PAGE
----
FSB publishes annual report on implementation and effects of financial regulatory reforms13 November 2020
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Ref no: 47/2020
The Financial Stability Board (FSB) today published its 2020 report on the implementation and effects of the G20 financial regulatory reforms.
The report, which will be delivered to G20 Leaders ahead of their Summit next week, finds that the G20 reforms after the 2008 financial crisis have served the financial system well during the COVID-19 pandemic. Greater resilience of major banks at the core of the financial system has allowed the system largely to absorb, rather than amplify, the macroeconomic shock. Bold and decisive actions by authorities sustained the supply of credit to the real economy and helped maintain global financial stability.
Given the pandemic, there has been limited additional progress implementing the G20 reforms during the last year. Regulatory adoption of several core Basel III elements has generally been timely to date, but there have been delays in implementing other Basel III standards. Substantial work remains to operationalise resolution planning for systemically important banks and to implement effective resolution regimes for insurers and central counterparties.
The FSB and standard-setting bodies (SSBs) have extended implementation deadlines for certain international reforms to provide additional capacity for firms and authorities to respond to the COVID-19 shock. In addition, authorities in many jurisdictions have taken regulatory and supervisory measures to alleviate the economic impact of COVID-19 on the financial system.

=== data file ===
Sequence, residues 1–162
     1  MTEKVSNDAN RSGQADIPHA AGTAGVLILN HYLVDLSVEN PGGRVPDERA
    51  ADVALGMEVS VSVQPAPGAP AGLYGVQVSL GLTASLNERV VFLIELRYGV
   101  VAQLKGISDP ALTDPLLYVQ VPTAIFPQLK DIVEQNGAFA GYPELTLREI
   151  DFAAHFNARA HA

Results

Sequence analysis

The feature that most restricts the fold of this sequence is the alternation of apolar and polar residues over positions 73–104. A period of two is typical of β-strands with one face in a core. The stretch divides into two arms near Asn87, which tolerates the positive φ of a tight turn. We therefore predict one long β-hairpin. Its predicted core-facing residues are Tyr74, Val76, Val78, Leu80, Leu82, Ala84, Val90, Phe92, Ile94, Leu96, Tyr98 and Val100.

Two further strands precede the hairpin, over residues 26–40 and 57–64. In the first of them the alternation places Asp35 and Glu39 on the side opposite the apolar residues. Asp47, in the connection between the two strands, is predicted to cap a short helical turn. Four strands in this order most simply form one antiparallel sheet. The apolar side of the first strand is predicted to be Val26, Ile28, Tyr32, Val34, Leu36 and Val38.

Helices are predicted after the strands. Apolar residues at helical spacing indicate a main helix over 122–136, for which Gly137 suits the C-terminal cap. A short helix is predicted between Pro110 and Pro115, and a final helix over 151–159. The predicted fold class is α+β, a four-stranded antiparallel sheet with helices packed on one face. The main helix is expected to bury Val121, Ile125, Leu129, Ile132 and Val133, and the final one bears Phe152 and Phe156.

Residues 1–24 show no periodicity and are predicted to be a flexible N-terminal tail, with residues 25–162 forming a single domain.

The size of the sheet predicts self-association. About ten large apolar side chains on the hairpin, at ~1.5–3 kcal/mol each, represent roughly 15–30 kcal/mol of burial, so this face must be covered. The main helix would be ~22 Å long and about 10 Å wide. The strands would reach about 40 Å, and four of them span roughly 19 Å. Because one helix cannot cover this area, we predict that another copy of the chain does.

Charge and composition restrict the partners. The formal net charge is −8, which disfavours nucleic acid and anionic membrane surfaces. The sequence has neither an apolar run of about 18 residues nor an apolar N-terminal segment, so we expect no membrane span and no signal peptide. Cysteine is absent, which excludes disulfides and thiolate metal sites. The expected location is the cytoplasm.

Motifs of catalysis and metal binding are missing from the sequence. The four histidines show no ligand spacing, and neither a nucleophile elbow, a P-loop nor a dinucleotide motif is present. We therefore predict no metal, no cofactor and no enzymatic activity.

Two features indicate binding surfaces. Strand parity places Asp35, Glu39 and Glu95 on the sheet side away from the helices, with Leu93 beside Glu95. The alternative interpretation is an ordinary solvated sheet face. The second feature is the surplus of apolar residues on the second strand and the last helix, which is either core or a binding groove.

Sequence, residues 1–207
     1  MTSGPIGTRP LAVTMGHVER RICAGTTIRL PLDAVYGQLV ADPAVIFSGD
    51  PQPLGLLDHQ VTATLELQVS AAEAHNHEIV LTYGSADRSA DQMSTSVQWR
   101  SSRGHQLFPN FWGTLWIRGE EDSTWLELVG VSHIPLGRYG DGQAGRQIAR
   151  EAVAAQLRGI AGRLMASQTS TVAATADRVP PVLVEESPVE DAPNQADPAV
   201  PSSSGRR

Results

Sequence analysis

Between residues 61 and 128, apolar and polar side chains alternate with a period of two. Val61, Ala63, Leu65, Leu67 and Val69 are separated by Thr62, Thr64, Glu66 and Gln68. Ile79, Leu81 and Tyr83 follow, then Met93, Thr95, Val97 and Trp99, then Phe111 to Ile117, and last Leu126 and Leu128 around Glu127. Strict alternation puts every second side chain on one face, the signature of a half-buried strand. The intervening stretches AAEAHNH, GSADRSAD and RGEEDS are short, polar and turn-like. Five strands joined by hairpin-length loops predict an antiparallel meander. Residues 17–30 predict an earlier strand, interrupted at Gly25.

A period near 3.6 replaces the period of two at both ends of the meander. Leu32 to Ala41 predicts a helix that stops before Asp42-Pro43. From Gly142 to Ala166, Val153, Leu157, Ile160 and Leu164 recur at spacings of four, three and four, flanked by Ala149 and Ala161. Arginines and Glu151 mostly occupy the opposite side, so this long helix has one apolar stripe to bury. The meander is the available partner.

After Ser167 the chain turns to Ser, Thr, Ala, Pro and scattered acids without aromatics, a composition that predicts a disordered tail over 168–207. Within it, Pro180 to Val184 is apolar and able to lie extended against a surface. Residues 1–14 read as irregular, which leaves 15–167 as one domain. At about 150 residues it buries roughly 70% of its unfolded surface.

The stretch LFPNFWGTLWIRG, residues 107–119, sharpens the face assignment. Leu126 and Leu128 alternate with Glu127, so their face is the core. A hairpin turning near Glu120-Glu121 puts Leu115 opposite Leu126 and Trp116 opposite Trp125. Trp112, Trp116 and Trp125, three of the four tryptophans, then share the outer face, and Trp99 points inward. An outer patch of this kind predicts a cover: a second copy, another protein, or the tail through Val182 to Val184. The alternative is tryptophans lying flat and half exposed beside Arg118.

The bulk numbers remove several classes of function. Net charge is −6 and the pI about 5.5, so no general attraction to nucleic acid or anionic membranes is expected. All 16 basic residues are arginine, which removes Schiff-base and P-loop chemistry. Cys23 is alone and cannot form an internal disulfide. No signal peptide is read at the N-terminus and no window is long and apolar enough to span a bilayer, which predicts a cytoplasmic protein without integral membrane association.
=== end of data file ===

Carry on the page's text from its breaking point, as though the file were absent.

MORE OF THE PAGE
The pandemic represents the first major global test of the post-crisis financial system, and an opportunity to examine whether reforms have worked as intended. The FSB and SSBs will carry out further work to identify potential lessons learned for international standards.
Furthermore, the COVID experience has demonstrated once again how interconnected the global financial system is. close international cooperation is critical given the uncertainty about the pandemic, and necessary for the full, timely and consistent implementation of the reforms, which will help to further strengthen the resilience of the financial system. The FSB and SSBs will continue to promote approaches to deepen international cooperation, coordination and information sharing, with the support of the G20.
Notes to editors
This report includes an implementation dashboard that summarises, in a colour-coded table, the status of implementation across FSB jurisdictions for priority reform areas. The report also presents the main findings of the FSB consultative report on the evaluation on the effects of too-big-to-fail reforms for systemically important banks.
The FSB coordinates at the international level the work of national financial authorities and international standard-setting bodies and develops and promotes the implementation of effective regulatory, supervisory, and other financial sector policies in the interest of financial stability. It brings together national authorities responsible for financial stability in 24 countries and jurisdictions, international financial institutions, sector-specific international groupings of regulators and supervisors, and committees of central bank experts. The FSB also conducts outreach with approximately 70 other jurisdictions through its six Regional Consultative Groups.
The FSB is chaired by Randal K. Quarles, Vice Chairman, US Federal Reserve; its Vice Chair is Klaas Knot, President of De Nederlandsche Bank. The FSB Secretariat is located in Basel, Switzerland, and hosted by the Bank for International Settlements.